Let's travel together #197 - Băile Termale Romane (Roman Thermal Baths)

Visiting the Thermal Baths from Geoagiu-Băi felt like stepping into a portal to a new world that ended centuries of years ago but which still manages to give you the feeling of following the footprints of our ancestors. And what better way to find out more about a country's past?


While a week ago I presented a place that dates since the 13th century and there are rumours that the Fortess of Deva was raised on the remains of a Dacian settlement, today we jump a little further into the history of Transylvania, getting to a place that dates since the 2nd-3rd centuries and which is unique in the whole world.
The thermal complex located in Geoagiu-Băi from Hunedoara represents the ancient Germisara which was the most important spa resort that was frequented by the Romans located in this part of Romania.
While in the current times when you mention that you are going to a spa resort it feels like it's not an activity that can be afforded by anyone, back in the ancient times, the thermal baths were specially designed as a social activity for the Romans, that was part of everybody's daily routine coming with hygiene and relaxing functions.
By participating in this kind of social activity, people were encouraged to socialize with each other, meet new people and even planning businesses of all kinds, where all the Roman cities had at least one of these thermal baths.

All the thermal baths were coming with a well-structured plan composed of three different rooms:

  1. Caldarium - hot bathroom ;
  2. Tepidarium - warm bathroom ;
  3. Frigidarium - cold bathroom;

Occasionally (but not in all thermal baths) there were also sudatorium - steam bathrooms and laconicum - sauna rooms.


While these kinds of bathrooms are quite frequently encountered during the 21st century, keep in mind that almost 18-19 centuries ago they were very rare and this is how only a few resisted during the passage of years, remembering the one from Pompei (Italy), but also the Roman Thermal Baths from Geoagiu-Băi (Romania) which is unique in the world even if it doesn't enjoy the same popularity as the other one.

There are quite a few thermal baths that can be found on the territory of Romania, but the one that has a lot more to offer than a few hot baths is Geoagiu-Băi which, unfortunately, it's also the most underrated one.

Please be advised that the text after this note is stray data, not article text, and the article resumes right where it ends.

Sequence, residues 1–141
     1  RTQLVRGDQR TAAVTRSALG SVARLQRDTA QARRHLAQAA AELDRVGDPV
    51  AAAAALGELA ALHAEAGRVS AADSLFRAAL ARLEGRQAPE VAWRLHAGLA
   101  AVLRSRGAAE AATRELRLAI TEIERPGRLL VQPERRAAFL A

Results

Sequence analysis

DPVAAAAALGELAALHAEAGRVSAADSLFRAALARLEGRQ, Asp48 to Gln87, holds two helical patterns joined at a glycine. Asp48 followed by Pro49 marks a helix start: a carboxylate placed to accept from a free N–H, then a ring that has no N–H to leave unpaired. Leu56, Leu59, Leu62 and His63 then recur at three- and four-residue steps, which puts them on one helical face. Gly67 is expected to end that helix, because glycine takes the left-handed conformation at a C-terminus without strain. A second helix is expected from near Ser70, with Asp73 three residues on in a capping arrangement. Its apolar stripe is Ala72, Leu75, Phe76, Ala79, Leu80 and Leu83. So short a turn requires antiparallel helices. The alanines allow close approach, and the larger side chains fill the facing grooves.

While a few years ago the resort represented a real point of interest for the tourists and not only, nowadays you can barely notice anyone on the streets other than those which are coming to either visit the Roman Thermal Baths or Cascada Clocota which we have seen two years ago.
Back to that time, we had no idea what gem rests just a few meters away from the waterfall (which is also very impressive), and actually found out about the Roman Thermal Baths only when I wrote the article about the waterfall and took a closer look on the map.
That was the moment when I said that it's a must to return to Geoagiu-Băi one day and also see the Roman Thermal Baths that represent a real treasure for the whole world.
We are talking about a place that dates for over 2000 years, which during the Roman Empire, the city used to be called Germisara representing a Dacian name that means hot spring.
However, you can still discover some springs through the resort from where you can take water at no cost depending on your needs. There are both hot and cold springs and next to each of them you will see a panel where are written the quality of the water.

All the guest houses, hotels and swimming pools are using these thermal springs for both treatment and recreation.


What makes the Roman Thermal Baths really unique in the world is the way they have been organized and how the baths were arranged, talking about two phases how these were used, the main one being on the surface but which, with the passing of years was redesigned so it can be used both underground and at surface.

Not even the ancient town of Germisara was randomly discovered because it's located on the foothills of the southern side of the Metaliferi Mountains, a region that is well known for the healing properties of the thermal waters that can be found at any step through the resort.
Even the waterfall I mentioned before it's called Clocota because it comes from boiling springs and during the winter it's almost impossible to find it completely frozen due to the water which is constantly warm no matter how cold it's outside.
However, even though in the current name of the Thermal Baths you will only see the name of Dacians next to it, the name of Germisara is a Dacian one and it's the real proof that the baths existed long time before being found by Romans and most likely the Dacians knew about the special properties of the water that were considered a blessing for anyone who was taking a bath into them.
The total surface covered by Băile Termale Romane is of 90-95 meters and the place was turned into a real luxury settlement as soon as the Romans had it under domination, where during their existence there could be met some of the most famous personalities of that period.